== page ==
I have come to believe that you can divide our species into two categories — the flawed and the deeply flawed. Today I focus on the flawed. We all know that each of us makes many mistakes on the highway of life. There are plenty of flat tires, breakdowns, fender benders and speeding tickets. Sometimes, though, a small mistake, a momentary inattentiveness, can result in a serious crash with permanent consequences.
Just this month there has been a widely publicized matter of a relatively small mistake that resulted in serious personal consequences. Fortunately no one suffered serious bodily injury — just personal humiliation and comic ridicule.
After days of media saturation the story has been told. Empire actor Jussie Smollett paid two brothers to stage a hate crime-like attack on him. To my mind, the plan was flawed from the get-go. Mr. Smollett was seeking a raise in his salary on the show. In my experience, those seeking a boost in their wages typically sit down with the boss at review time, and make their case for a raise emphasizing the quality and quantity of their work, their loyalty and the importance of their contribution to the enterprise. Had I, as an attorney in my law firm, arranged for a friend, posing as a dissatisfied client, to beat me up, my fellow partners would have been sympathetic, but would have been far more interested in how many hours I had billed.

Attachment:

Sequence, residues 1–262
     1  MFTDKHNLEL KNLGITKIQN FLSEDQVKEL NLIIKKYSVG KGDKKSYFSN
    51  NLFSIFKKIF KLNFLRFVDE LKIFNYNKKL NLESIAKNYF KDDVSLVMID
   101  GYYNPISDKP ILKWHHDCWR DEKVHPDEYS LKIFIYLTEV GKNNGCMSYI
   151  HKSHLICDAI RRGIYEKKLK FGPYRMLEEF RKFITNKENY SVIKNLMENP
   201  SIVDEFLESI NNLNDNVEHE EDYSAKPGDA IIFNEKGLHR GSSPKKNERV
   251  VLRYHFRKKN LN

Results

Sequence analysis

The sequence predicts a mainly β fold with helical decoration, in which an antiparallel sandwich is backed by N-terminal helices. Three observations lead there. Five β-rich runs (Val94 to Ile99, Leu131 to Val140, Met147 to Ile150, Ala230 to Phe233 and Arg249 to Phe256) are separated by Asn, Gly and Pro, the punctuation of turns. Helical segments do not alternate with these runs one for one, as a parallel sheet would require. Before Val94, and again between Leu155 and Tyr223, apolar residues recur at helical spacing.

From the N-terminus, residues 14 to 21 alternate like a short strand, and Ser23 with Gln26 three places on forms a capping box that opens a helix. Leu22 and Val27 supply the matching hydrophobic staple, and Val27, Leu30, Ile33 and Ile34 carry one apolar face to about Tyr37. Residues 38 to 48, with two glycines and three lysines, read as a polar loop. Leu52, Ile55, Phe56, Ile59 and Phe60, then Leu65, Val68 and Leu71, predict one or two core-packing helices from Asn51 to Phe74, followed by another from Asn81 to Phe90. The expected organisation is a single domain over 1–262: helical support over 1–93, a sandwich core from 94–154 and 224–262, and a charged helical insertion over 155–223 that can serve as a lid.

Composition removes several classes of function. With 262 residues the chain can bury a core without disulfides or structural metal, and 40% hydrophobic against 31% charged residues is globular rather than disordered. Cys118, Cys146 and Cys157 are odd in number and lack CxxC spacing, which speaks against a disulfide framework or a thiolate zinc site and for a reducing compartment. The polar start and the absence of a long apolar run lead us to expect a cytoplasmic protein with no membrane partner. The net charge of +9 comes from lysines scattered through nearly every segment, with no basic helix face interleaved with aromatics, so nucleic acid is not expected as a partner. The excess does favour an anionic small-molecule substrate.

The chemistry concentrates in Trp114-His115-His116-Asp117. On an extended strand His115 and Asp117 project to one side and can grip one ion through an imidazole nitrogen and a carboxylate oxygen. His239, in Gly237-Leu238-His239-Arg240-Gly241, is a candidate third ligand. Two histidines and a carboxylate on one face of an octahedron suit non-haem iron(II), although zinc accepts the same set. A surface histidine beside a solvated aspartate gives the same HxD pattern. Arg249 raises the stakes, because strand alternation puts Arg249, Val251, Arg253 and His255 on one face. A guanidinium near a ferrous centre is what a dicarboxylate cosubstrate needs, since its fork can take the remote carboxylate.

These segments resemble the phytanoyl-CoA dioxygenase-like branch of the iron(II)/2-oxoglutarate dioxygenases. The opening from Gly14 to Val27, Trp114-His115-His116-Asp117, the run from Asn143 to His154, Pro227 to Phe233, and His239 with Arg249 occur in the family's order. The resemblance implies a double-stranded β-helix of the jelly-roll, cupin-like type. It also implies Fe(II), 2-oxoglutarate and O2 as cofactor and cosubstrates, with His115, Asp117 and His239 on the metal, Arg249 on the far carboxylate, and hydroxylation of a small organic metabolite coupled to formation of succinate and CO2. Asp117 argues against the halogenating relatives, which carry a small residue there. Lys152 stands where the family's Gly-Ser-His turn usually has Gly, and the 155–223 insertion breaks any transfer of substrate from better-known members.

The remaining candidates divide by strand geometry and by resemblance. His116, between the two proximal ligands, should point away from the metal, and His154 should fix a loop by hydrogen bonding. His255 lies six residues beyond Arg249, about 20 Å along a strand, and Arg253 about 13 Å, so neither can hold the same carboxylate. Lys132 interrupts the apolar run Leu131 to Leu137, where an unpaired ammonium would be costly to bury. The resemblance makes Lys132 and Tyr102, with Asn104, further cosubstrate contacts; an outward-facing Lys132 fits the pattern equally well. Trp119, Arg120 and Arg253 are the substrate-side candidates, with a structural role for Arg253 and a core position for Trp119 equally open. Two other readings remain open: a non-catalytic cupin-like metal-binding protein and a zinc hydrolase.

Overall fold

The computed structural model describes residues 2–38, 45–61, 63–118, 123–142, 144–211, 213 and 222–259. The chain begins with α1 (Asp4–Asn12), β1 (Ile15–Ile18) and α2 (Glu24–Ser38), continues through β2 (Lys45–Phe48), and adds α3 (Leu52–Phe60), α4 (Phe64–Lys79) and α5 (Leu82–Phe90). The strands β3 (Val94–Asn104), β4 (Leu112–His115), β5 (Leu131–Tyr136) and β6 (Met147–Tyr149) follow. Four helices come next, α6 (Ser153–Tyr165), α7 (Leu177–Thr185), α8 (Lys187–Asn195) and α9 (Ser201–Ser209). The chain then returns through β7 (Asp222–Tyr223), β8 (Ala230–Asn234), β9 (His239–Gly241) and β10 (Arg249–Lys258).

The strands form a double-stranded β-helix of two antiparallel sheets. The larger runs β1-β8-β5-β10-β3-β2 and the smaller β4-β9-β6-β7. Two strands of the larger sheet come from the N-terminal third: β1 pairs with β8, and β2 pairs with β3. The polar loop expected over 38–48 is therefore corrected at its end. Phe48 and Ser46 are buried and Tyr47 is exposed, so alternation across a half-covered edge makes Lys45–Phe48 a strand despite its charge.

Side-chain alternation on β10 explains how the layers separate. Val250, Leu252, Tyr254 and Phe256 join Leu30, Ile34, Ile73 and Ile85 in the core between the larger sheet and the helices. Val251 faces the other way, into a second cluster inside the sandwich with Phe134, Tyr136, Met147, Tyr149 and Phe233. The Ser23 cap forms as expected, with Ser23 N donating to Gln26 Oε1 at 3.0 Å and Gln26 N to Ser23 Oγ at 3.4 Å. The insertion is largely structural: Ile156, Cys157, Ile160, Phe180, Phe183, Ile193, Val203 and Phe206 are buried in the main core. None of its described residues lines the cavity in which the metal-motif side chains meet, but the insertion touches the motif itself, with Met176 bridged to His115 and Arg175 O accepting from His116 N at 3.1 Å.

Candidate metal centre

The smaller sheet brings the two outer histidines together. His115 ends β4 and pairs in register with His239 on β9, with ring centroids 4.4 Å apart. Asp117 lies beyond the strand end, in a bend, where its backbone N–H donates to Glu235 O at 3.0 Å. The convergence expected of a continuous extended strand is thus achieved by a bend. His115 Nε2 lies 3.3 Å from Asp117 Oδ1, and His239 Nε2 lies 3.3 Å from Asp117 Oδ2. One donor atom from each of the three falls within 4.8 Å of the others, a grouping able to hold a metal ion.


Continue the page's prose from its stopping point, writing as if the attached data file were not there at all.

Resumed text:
Then there was the scheme itself, which in the account I read was that the two brothers were paid by check $3,500, with the promise of $500 more when the fake attack was completed. Anyone who has ever watched a Coen Brothers movie knows that the deal is straight cash, homie, and you don’t pay almost all the money up front, lest the perpetrators run off with the money. Better yet in this botched job, the equally novice brothers still completed the assignment for a mere $500.
Of course, there was the reality that Chicago has the most extensive video surveillance network in the U.S., with access to 32,000 cameras, not counting businesses and private residences. Inevitably, the cameras caught everything on tape and identified the brothers, who gave Mr. Smollett up.
This was the dumbest plan ever. It made Jerry Lundergaard’s (William Macy) plan to fake his wife’s kidnapping in Fargo seem sheer genius.
Our politicians and mass media, who never miss a chance to exploit our biases, at first framed the developing story as just more evidence of racism and police incompetence. They then quickly whipsawed to how this faked hate crime reporting had set the Civil Rights Movement back a decade.
Meanwhile the world grew hotter and a mass murderer planned his next shooting.
Because no one can condone faking a hate crime, Mr. Smollett faces jail time. His acting career is in jeopardy. I suspect the two brothers, who won’t be charged with any crime, may be able to parlay their 15 seconds of fame into a season of Dancing with the Stars. Mr. Smollett only wanted a raise and a little fame at a time and in an industry where the raison d’eternal is money and celebrity.
These three miscreants are exemplars that hubris exists not only for Greek heroes, but for all of us. We all make lots of small mistakes in our lives. The Fates decide the consequences.